Marchand has 12 goals and 12 assists in 45 games this season, and he is seventh in the league with a plus-21 ranking, despite being given under 13 minutes of ice time per game.
He already takes a regular shift on the penalty kill and leads the team in takeaways.
Add to that the fact that he's spent most of the season playing with Gregory Campbell and Shawn Thornton, not exactly offensive dynamos, and he doesn't get power play time, and his performance is even better.
Now Marchand has gotten moved up to playing with Patrice Bergeron, so expect him to become a key part of the Calder Trophy discussion by the end of the season.
Dustin Byfuglien's breakout season has gotten a huge amount of attention, partly because he was a key part of the Cup-winning Blackhawks team last season.
Tobias Enstrom's, for some reason, has not, probably because he's not very flashy.
Enstrom is just plain efficient both offensively and defensively, and his defensive prowess has been a big part of Dustin Byfuglien being able to play his somewhat adventurous game.
Enstrom did get chosen as an All-Star this season, which is a testament to just how good he's been because unknown players don't tend to get picked very often. Unfortunately, he'll miss the game with a broken finger.
Right now, Enstrom is one point back of Nicklas Lidstrom for the league lead in defenseman scoring, and finds himself in the top 30 scorers overall.
If Enstrom can get healthy and keep up this pace, he'll certainly deserve and might even get a Norris Trophy nomination at the end of the season.
Most of Canada was in shock when Patrice Bergeron was named to the 2010 Canadian Olympic team, but he earned his spot and has been one of the best two-way players in the league since then.
No one should really be surprised that Bergeron has turned into such a good player.
He was named MVP of the 2005 World Junior Championship after winning gold on probably the best World Junior team ever, playing with the likes of Sidney Crosby, Ryan Getzlaf, Jeff Carter, Dion Phaneuf, Shea Weber, Mike Richards, Corey Perry, Brent Seabrook and Andrew Ladd.
Bergeron then had back-to-back 70 point seasons before this brutal cheap shot that caused him to miss the rest of the 2007-08 season with a concussion.
In 2008-09, Bergeron really didn't look like the same player, but in 2009-10 he was good enough to make the Canadian Olympic team.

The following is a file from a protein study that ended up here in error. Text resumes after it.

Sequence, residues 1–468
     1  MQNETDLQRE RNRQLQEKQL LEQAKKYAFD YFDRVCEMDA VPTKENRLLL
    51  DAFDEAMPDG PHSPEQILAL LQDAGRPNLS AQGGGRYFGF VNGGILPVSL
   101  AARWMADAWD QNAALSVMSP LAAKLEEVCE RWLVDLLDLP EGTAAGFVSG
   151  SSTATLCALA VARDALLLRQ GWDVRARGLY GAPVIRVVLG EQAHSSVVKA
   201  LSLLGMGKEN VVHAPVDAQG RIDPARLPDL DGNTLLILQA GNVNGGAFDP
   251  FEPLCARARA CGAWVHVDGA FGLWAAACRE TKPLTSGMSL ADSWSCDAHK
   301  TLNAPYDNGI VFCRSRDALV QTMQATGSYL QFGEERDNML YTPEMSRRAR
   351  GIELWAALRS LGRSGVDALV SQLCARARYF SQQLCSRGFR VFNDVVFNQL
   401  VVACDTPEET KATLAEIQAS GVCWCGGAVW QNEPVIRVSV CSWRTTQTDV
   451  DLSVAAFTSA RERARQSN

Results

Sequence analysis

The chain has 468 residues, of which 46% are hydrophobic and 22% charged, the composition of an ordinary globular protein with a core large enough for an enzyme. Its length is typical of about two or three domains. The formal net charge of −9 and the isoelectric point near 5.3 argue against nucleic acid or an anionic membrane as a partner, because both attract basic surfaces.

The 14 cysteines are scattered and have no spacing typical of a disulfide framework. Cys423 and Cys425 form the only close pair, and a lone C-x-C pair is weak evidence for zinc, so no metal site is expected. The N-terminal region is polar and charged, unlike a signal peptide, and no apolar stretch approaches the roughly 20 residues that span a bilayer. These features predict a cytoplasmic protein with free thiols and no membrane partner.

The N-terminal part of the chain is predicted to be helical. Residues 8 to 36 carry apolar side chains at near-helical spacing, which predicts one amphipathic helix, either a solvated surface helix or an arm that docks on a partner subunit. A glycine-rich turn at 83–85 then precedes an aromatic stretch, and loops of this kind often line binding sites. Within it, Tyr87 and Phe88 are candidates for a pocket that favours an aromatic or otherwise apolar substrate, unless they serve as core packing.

This season, Bergeron has 39 points in 49 games, and is seventh in the league with a phenomenal plus-21. He's also top 20 in the league in faceoffs and is playing some of the best hockey of his career.
When most people think of Nashville, they think of Shea Weber, and rightly so.
But Nashville has another young defenseman who is very quietly becoming one of the best in the league. So quietly, in fact, that the league hasn't noticed yet.
Suter is putting up the best points-per-game of his career with 22 points in 38 games. He's also a plus-17 despite always matching up against the opposition's best players. Weber is only plus six.
Here's a strange stat that partially captures how good Suter is: if you add points to plus/minus, Suter is tied with near-certain Norris finalist Nicklas Lidstrom.
Suter was also a key player on silver medal-winning Team USA at the 2010 Winter Olympics, posting four points in six games and playing on the top defensive pairings.
On a non-hockey note, Suter's playing in the right city as he loves country music.
And the most underrated player in the game today is...Keith Yandle of the Phoenix Coyotes!
If you don't know much about Yandle, that's not surprising. He toils in the anonymity that is Jobing.com Arena, home of the Coyotes.
Yandle may well be this season's Drew Doughty: the player who comes out of nowhere to be a Norris Trophy finalist.
He leads the Coyotes in scoring with 40 points in 49 games and is in the top 10 in the league in assists. He's also on pace for 66 points for the season.
Yandle has the Coyotes in sixth place in the ultra-competitive Western Conference, despite a team goal differential of just plus-two.
The fact that the NHL didn't originally pick Yandle for the All-Star game this year was an embarrassment on their behalf.
At only 24 years old, Yandle should be playing many more All-Star games before he's done.